By Mahmoud Habboush
Coal plants with a capacity of up to 1,200 gigawatts will probably be more expensive to run by next year than new, large-scale photovoltaic solar plants, said the organization, which advises countries on curbing their use of fossil fuels.
“Renewables must be the backbone of national efforts to restart economies in the wake of the Covid-19 outbreak,” the Abu Dhabi-based agency’s director general, Francesco La Camera, said in a report Tuesday. “We have reached an important turning point in the energy transition.”
Replacing 500 gigawatts of high-cost coal plants with solar and wind farms would reduce carbon emissions by about 1.8 gigatons, equivalent to 5% of CO2 emissions in 2019, and save consumers billions of dollars, Irena said. Power generated from coal mostly comes from the U.S., China, India, Poland, Germany, South Korea and Ukraine.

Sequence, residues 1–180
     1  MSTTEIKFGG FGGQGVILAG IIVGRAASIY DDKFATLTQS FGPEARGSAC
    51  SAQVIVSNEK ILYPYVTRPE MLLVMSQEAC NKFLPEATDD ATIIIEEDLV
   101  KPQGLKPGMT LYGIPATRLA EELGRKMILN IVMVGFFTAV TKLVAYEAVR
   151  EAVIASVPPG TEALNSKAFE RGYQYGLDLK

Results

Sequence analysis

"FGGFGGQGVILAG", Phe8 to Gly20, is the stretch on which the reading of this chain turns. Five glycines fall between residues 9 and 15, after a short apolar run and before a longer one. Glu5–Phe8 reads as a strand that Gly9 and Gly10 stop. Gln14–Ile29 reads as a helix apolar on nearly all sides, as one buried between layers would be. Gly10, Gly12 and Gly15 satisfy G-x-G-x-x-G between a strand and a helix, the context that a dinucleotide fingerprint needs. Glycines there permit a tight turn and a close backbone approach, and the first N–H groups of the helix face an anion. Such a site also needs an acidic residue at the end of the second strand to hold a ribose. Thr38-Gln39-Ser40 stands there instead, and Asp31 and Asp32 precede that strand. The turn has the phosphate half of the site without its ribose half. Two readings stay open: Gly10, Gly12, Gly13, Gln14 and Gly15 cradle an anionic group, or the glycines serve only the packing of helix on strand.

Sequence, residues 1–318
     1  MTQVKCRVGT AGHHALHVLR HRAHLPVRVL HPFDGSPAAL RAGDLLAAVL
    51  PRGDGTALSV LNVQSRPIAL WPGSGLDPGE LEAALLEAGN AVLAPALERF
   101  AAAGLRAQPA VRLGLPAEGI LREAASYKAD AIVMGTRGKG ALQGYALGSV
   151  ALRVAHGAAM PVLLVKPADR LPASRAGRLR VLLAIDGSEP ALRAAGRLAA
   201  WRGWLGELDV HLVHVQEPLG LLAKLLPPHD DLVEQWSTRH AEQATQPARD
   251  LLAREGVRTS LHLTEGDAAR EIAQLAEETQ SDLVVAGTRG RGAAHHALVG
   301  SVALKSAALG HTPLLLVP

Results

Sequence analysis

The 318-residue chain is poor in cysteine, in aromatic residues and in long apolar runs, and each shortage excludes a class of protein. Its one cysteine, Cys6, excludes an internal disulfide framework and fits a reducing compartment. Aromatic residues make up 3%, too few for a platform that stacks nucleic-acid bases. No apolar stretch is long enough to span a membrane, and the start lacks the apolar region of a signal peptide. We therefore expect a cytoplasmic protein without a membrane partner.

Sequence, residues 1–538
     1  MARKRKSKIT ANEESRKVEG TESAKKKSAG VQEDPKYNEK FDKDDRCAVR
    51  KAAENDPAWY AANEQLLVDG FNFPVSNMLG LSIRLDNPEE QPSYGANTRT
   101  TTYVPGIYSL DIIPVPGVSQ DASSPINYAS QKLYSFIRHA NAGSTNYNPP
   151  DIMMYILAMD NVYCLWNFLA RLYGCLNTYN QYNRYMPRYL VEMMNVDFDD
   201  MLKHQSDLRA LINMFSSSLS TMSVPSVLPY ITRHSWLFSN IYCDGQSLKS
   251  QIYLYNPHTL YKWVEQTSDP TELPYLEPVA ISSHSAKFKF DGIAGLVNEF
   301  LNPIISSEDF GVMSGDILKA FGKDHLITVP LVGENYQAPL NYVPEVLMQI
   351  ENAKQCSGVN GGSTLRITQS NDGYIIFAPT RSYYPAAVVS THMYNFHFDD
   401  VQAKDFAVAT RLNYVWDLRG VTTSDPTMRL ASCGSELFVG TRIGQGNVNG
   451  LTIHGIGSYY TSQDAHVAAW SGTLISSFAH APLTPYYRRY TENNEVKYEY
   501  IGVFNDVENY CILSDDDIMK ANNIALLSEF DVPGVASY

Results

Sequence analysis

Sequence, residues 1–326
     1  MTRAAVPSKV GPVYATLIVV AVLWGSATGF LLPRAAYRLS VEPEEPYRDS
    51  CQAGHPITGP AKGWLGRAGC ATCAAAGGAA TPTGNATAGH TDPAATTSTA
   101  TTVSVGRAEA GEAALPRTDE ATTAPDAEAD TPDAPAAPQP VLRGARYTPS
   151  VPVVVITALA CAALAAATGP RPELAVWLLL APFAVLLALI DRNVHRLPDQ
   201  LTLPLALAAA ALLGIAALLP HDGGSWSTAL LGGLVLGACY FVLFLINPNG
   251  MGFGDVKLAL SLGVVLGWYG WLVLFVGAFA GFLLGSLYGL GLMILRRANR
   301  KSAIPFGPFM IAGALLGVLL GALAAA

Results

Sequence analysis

Irena expects the cost of installing renewables to continue falling in 2021 — to $0.043 kilowatt hour for onshore wind, down 18% from 2019, and to $0.039/kWh for large photovoltaic plants, 42% lower than last year.
“Auction results show this trend accelerating, reinforcing the case to phase out coal entirely,” Irena said.
Still, research from the Paris-based International Energy Agency suggests new power from wind and solar will fall this year for the first time in two decades as factory closures delay the construction of renewable facilities.
The cost of solar and wind energy could be consistently cheaper than conventional supplies by 2030, Irena said in January.
The trend is largely down to advances in technology and the increasing scale of projects. Photovoltaic power has seen an 82% decline in costs since 2010 and onshore wind 39%, according to Irena.